To answer Rubinken, I think there are lots of things we can do differently, but the climate crisis as it’s sold to us by politicians and big business is a hoax. It is a manipulation of raw data and suppression of other facts into a NARRATIVE about a doom scenario. I suggest reading about CO2 absorption spectrums, radiative forcing, and CO2 saturation to start. Also, look into how these climate scientists build their models and what assumptions are in those models. There is a saying, “all models are wrong but some are useful.” Climate models have been proven wrong and not useful. They are used as part of a grand wealth transfer scheme.

    Sunday, August 21 Report this

  • Miller19

    And to expand more, I think we need a higher CO2 concentration in the atmosphere as it would make the planet flourish. In the mid-19th century the CO2 concentration was down to around 150 ppb. Plant life begins to die around 140 ppb. So the people who say we need to reduce carbon in the atmosphere (who are people smart enough to know these historical and physical facts) either don’t care or want to destroy life on this planet. It’s a Malthusian worldview.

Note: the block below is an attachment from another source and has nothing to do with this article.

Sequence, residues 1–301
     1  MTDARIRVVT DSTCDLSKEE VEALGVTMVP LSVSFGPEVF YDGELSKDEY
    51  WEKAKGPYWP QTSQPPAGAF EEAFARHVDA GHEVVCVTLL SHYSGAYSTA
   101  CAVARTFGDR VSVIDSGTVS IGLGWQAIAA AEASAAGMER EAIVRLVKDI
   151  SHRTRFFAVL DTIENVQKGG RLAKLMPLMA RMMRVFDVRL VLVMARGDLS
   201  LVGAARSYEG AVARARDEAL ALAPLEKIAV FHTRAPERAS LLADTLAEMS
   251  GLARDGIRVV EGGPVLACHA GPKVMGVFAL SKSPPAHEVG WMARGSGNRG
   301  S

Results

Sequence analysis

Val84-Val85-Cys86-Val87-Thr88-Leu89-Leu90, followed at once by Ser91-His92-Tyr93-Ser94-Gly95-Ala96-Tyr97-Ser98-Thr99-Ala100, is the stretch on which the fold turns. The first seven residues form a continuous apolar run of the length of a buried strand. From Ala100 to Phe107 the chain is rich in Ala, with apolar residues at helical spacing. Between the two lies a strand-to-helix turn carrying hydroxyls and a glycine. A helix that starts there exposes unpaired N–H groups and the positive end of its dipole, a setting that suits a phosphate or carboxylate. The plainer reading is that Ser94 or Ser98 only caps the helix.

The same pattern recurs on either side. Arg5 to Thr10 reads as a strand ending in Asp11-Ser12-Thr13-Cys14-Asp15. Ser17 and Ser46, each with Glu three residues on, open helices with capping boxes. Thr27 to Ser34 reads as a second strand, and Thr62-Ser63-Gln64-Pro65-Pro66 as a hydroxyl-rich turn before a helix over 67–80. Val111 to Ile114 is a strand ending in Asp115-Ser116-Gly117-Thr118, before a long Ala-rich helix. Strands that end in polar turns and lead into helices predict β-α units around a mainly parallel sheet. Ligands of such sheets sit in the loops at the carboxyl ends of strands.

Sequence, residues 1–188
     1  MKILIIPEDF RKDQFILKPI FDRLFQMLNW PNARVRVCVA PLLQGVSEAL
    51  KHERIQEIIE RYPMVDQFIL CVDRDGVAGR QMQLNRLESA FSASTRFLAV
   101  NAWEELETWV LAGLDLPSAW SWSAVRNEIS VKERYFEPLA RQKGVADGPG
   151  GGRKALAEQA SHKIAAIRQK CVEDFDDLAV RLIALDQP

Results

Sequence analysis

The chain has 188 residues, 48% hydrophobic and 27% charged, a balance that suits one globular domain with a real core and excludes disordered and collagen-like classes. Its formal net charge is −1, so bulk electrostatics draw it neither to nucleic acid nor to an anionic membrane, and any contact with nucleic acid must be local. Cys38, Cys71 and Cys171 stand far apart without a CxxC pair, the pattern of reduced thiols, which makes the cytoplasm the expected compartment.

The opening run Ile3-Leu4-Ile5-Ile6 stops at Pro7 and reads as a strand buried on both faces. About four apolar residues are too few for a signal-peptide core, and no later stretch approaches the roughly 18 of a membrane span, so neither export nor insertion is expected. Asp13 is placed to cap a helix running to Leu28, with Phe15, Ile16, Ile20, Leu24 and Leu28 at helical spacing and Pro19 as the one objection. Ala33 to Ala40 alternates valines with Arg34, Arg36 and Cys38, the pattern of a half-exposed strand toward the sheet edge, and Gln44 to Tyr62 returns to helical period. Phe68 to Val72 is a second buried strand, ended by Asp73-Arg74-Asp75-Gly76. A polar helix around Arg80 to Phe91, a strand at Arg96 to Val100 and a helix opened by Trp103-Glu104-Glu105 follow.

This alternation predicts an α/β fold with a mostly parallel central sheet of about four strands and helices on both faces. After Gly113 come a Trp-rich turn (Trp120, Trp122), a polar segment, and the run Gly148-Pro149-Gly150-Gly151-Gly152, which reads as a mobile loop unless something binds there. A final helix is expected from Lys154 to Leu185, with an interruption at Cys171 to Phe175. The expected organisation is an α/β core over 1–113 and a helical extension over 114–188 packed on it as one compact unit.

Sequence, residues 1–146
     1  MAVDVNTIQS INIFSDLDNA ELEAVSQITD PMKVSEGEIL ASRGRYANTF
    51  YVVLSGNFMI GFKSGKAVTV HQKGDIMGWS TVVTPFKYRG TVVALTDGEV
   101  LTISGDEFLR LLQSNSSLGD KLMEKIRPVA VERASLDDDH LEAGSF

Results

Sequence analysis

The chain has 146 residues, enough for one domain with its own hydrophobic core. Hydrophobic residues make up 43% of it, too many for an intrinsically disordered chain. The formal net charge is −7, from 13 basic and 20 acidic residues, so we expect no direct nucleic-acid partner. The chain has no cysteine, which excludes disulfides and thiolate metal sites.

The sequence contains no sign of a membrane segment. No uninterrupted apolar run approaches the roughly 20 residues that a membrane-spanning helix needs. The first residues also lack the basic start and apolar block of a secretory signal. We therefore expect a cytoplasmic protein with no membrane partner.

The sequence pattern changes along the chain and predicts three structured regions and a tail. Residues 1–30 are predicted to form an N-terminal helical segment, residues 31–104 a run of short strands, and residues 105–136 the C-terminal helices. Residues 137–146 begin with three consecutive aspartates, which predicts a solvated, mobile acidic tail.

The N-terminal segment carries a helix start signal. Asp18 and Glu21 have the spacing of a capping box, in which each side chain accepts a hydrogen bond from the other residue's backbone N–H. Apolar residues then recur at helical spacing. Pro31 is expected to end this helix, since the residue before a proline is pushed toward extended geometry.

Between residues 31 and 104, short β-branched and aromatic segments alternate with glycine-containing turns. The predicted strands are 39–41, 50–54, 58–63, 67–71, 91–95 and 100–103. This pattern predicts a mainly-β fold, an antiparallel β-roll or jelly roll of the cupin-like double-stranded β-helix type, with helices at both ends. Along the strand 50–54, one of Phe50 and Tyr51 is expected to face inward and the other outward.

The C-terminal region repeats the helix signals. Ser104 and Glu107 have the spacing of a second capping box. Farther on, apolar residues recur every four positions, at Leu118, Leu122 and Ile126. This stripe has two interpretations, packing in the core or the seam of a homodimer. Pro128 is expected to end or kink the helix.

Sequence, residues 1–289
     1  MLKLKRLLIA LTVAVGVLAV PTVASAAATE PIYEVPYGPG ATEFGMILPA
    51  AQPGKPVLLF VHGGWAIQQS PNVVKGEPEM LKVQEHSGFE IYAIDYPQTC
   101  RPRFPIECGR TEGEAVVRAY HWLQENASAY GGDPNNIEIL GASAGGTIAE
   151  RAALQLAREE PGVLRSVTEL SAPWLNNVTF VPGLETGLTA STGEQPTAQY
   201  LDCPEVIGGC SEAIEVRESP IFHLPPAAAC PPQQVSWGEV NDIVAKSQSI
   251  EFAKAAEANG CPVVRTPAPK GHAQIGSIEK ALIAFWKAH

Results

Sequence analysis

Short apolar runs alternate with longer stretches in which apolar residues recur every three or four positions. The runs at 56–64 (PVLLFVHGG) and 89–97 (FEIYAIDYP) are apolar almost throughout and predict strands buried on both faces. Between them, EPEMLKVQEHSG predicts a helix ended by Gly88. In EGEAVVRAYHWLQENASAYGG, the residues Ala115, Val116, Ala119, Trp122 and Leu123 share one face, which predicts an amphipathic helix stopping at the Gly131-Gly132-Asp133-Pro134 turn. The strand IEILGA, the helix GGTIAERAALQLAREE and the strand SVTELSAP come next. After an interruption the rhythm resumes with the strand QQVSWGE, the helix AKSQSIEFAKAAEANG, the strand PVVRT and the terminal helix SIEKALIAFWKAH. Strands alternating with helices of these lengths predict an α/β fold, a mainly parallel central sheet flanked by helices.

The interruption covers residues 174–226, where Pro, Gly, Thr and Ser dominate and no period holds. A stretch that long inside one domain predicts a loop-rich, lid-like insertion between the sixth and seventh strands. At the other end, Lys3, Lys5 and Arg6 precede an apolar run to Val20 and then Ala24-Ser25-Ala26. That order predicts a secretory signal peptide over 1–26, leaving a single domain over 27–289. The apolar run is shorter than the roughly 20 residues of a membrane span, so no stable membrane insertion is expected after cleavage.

Sunday, August 21 Report this

  • Connie

    How can you encourage more and more new apartments downtown with the increased population and increased vehicles and not expect temperatures to rise, pollution to increase and more people and buildings being vulnerable to flooding. Then you want more tax money to allow for more spending on ways to mitigate these increases. It makes no sense, is not thoughtfully considered. Virtue signaling and spending our money like this will not solve anything.

    Monday, August 22 Report this

  • Cobbnaustic

    Here we go again.......They want to take more of your $$$$$$$$$$$$$$$$$$$$$$$$$$

    Monday, August 22 Report this